4×3 poster project
4×3 is an exhibition, a memory-bank, and a game. Conceived and organised by Xavier Meade and John Mandelberg, this project draws on the personal archives of four artist/designers who have been active in creating and collecting politically inspired posters during the past four decades: Chris McBride (Auckland), John Mandelberg (Hamilton), John Phillips (London) and Xavier Meade (Raglan). Our personal archives became both the subject, and content, of the game and the exhibition.
To start things off, Xavier invited each participant to propose a set of three posters from their private collection. We were subsequently ask to respond to each of these initial works by proposing another poster that in some way commented upon, or reflected the choices made by others. The exhibition 4X3, is the outcome of this enjoyable, intercontinental, time-travelling escapade, which, at times felt as close to a game of poker, as it did an act of collaborative curation.
All the participants, my-self included, were slow to reveal their hand. As designers, we each know all too well the trap of resolving ideas too speedily. It takes time, including hours rustling through plan chests and cardboard storage tubes, in search of that illusive image, half-remembered from decades past. Did I keep it, lend it, did it even exist in the first place? It would be a perfect match. It must be here somewhere. Oh, but then there’s this long-forgotten one. And it’s with the one I’m searching for! So, which to choose? I’d better sleep on it for a week. And meanwhile watch the others’ moves.
With each new addition, a collectively moulded jig-saw puzzle took shape. Are there deficits or omissions? Yes. Does it matter? No. Each poster is the gateway to a multitude of tales and myths. Sometimes, because of overlaps with our individual experience, these narratives are immediately obvious. These works reinforce our sense of who we are, and who and what we might, or might not, support. Once seen, they inhabit our private memories, and inform our points of view. Other posters, addressing less familiar themes, present a dilemma. Is this something that I might care about? Do I even want to know? Say yes, and you will be drawn into another world. Say no, and even if you thought you didn’t want to, you will have been forced to take a stand.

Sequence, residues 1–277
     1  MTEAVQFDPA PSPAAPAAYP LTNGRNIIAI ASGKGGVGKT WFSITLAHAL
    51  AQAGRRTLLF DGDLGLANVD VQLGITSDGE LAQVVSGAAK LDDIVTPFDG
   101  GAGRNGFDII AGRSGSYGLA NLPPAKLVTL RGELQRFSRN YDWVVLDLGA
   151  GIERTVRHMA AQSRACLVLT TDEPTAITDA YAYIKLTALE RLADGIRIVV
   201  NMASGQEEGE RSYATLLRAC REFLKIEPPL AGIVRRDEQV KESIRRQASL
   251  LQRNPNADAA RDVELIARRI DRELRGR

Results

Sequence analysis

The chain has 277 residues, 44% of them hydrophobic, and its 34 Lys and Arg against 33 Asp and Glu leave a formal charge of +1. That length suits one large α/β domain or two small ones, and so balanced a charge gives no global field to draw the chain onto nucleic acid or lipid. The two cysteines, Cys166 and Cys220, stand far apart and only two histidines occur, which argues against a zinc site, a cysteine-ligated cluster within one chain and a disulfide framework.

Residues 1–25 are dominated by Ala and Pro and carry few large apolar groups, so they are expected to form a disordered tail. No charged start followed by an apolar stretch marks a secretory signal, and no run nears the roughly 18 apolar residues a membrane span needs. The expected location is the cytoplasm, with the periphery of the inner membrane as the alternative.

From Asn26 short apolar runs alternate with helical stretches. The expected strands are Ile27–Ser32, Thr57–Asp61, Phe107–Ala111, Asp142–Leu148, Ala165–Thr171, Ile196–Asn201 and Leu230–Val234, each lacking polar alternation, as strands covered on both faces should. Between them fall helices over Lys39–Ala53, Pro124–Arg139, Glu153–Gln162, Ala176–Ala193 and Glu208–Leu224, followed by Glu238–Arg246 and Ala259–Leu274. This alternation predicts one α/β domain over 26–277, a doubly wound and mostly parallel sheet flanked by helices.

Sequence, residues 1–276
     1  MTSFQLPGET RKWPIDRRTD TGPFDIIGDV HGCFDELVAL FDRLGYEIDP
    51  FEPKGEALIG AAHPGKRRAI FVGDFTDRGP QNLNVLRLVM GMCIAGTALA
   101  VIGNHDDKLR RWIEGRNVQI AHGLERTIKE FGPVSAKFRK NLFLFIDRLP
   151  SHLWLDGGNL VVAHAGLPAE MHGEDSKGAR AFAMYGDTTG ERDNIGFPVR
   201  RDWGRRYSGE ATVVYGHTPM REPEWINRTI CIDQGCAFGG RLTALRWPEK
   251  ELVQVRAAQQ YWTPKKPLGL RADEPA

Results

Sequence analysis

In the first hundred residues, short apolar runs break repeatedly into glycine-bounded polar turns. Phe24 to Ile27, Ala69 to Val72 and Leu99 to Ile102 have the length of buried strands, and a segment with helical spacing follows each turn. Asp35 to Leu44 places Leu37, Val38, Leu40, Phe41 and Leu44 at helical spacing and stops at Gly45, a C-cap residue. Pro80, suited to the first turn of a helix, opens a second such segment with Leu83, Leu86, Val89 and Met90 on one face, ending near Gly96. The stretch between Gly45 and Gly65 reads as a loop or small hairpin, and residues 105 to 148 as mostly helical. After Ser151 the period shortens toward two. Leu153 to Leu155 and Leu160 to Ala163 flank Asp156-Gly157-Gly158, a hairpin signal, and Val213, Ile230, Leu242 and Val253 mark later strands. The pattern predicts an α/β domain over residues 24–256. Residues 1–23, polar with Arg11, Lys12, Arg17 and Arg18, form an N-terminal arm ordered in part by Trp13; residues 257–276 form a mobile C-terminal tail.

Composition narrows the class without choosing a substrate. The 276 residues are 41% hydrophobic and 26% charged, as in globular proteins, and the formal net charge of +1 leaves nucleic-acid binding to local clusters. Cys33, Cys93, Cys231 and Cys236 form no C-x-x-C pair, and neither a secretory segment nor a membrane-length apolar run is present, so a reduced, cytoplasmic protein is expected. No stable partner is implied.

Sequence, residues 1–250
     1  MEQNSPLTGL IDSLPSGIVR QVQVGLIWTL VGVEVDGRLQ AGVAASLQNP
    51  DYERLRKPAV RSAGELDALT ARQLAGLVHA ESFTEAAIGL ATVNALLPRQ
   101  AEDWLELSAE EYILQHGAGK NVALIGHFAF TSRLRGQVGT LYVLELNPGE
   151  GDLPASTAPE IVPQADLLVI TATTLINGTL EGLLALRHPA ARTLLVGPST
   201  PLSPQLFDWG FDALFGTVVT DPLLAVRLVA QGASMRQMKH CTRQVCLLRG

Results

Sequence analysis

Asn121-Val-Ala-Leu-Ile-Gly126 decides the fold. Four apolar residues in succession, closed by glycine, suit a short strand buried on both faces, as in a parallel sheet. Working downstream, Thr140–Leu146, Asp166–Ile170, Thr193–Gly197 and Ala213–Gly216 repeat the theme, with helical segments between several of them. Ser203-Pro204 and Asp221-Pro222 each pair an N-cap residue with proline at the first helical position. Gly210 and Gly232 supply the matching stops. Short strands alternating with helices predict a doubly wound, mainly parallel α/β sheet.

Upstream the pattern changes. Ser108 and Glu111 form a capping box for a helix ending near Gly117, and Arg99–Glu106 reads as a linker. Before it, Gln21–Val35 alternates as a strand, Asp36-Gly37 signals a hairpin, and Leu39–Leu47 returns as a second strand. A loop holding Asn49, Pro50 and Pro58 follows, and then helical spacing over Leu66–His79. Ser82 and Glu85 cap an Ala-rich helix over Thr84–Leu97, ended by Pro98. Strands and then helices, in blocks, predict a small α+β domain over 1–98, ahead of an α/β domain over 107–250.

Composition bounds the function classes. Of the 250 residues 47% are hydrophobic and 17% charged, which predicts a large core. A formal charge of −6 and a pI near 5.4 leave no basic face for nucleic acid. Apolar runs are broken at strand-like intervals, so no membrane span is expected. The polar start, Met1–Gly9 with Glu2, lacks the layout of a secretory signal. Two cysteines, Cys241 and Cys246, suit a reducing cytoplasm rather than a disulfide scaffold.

While posters might represent different and possibly opposing interests, they are united in many ways. They are loud, gregarious and social. They are opinionated, vulnerable, ephemeral and bold, and always at their very best when saying NO. William Blake expressed this perfectly when he described ‘printing in the infernal method by corrosives, which in Hell are salutary and medicinal, melting apparent surfaces away, and displaying the infinite which was hid.’ The majority of posters in this exhibition were not printed by Blake’s technique, which physically, and metaphorically, corrodes a surface in order to reveal an inner ‘truth’. They were however printed with his intention of burning through superficiality with the proposition that another world is possible.
When the 48th and final poster took its place in this collection, one particular game concluded, but others now begin. These are your games exploring possible connections, not just between the posters presented here, but between these and other images, and most importantly between the visual cacophony that daily drowns our thoughts, and the delicate lives we live. And as you explore the show, do bear in mind our moto: the hand that feeds you, always tastes the best!
John Phillips, londonprintstudio, June 2014